Artistic director, The Den Theatre
If you visited The Den Theatre multiple times this past year, you were likely greeted each time with a new path to navigate the labyrinth of black-box theaters housed under the company’s auspices, as they continued to expand and remodel. The newest addition opened in the fall: the Bookspan Theatre, named for performer and arts educator Janet Bookspan, is the new home of Haven Theatre, an up-and-comer helmed by Josh Sobel, Bookspan’s nephew. In addition to resident companies and regular renters, The Den has become a mecca for nomadic groups that do not fit squarely into any kind of theatrical niche. The real coup however may be the atmospheric touches: The Den exudes coziness, all well-worn leather furniture and oriental rugs. It is the ideal space for and embodiment of Wicker Park: equal parts DIY thriftiness and stylish cool.
Founder, artistic director, Salonathon
For seven years, Salonathon has been swinging its doors open to let the genre-defiers and wanderers of all kinds in. The host of these multivarious performances is the effusive and charismatic Jane Beachy. Facilitating nonstop work by folks from across the city, Beachy invites artists from multiple disciplines to collaborate and create a variety night, which is frequently as revolutionary as it is engaging. As we move forward into 2017, the need for art is ever more apparent and you can bet that Beachy will be there helping new artists and new perspectives develop and transform.
Founder, Southside Ignoramus Quartet
When the values of social justice and the desire to make theater that reflected his community tugged at David Pintor’s heart, he traded in his millionaire dreams for his brother-in-law’s twelve-by-twenty-foot tent, which he pitched in his parent’s backyard in Pilsen. It was there that he founded the Southside Ignoramus Quartet, a sketch-comedy show that gives a space to those rejected by the more conventional theater structures in Chicago and where art is used to tackle issues such as immigration, race, police brutality and gentrification. In 2017, SIQ will enter its seventh season and celebrate the release of its first web series based on its daily operations.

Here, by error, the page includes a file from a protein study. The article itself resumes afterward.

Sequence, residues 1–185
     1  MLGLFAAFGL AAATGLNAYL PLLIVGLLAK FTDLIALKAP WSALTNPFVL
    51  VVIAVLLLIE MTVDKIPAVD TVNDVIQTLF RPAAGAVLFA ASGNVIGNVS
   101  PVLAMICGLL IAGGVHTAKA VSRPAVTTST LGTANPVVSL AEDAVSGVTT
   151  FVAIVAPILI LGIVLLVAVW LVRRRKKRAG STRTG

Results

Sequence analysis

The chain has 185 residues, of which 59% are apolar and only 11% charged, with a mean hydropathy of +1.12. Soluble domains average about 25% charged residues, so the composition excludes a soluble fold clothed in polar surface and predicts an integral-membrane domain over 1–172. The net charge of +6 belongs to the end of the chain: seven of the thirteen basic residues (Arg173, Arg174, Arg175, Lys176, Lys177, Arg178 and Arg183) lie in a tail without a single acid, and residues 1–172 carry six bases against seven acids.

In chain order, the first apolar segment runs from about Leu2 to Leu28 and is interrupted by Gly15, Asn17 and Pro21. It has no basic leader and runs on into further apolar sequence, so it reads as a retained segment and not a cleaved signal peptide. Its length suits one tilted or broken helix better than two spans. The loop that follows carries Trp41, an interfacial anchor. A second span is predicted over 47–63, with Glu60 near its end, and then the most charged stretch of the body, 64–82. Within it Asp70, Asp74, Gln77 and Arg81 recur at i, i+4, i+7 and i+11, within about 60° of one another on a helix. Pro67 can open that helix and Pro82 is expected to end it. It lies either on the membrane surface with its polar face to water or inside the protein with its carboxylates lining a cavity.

Kristiana Rae Colón
Poet, playwright, activist
Kristiana Rae Colón is ambitious and the work she’s done this past year shows it. In the theater, “Octagon,” the slam poetry-play hybrid, and “good friday,” one of Oracle Productions’ final public access shows, were both enormous successes. In the field of activism, she helped coordinate Freedom Square, a community center organized by the LetUsBreathe Collective. With her work twining politics of transformative justice and grassroots activism as well as her inimitable theatrical voice, Colón is well on her way to altering the landscape of what we imagine society can be.
Founder, creative director, JRV MAJESTY Productions, Director of development, The Inconvenience
Joseph Varisco has had a busy year. He worked on “The Fly Honey Show,” an annual body, sex and queer love cabaret; produced “Queer ILL + OK,” an annual performance series on mental illness, HIV and queerness; and sponsored the Chicago Queer Arts Mentorship Program, a support network for young LGBTQ artists that partners them with professionals already working in the field. See those “annuals”? No doubt Varisco’s 2017 will be just as productive as his 2016, if not more so.
Joel Ewing and Mechelle Moe
Co-founders and co-artistic directors, The Yard
The Yard has a unique model for making art. Based out of the Chicago Public Schools system and working in artistic alliance with some of the city’s most well-regarded mid-level theater companies (The Hypocrites, Raven Theatre, Jackalope Theatre, Victory Gardens Theater), The Yard gives the drama students of Nicholas Senn High School hands on, behind-the-scenes exposure to the realities of making theater in Chicago. The mission of The Yard is to make art by and for young people and the results have been nothing short of inspired, as the students of Senn have stepped into complex roles that reflect their realities. And folks have been paying attention. Yard company members have appeared in productions at Haven Theatre, Rivendell Theatre Ensemble and American Theater Company. Like so many teachers, Joel Ewing and Mechelle Moe express a certain bittersweetness in watching their alumni move out into the world. But they also have pride in knowing that, having been treated as peers rather than simply students, these young artists now have the confidence to move through the world as professionals.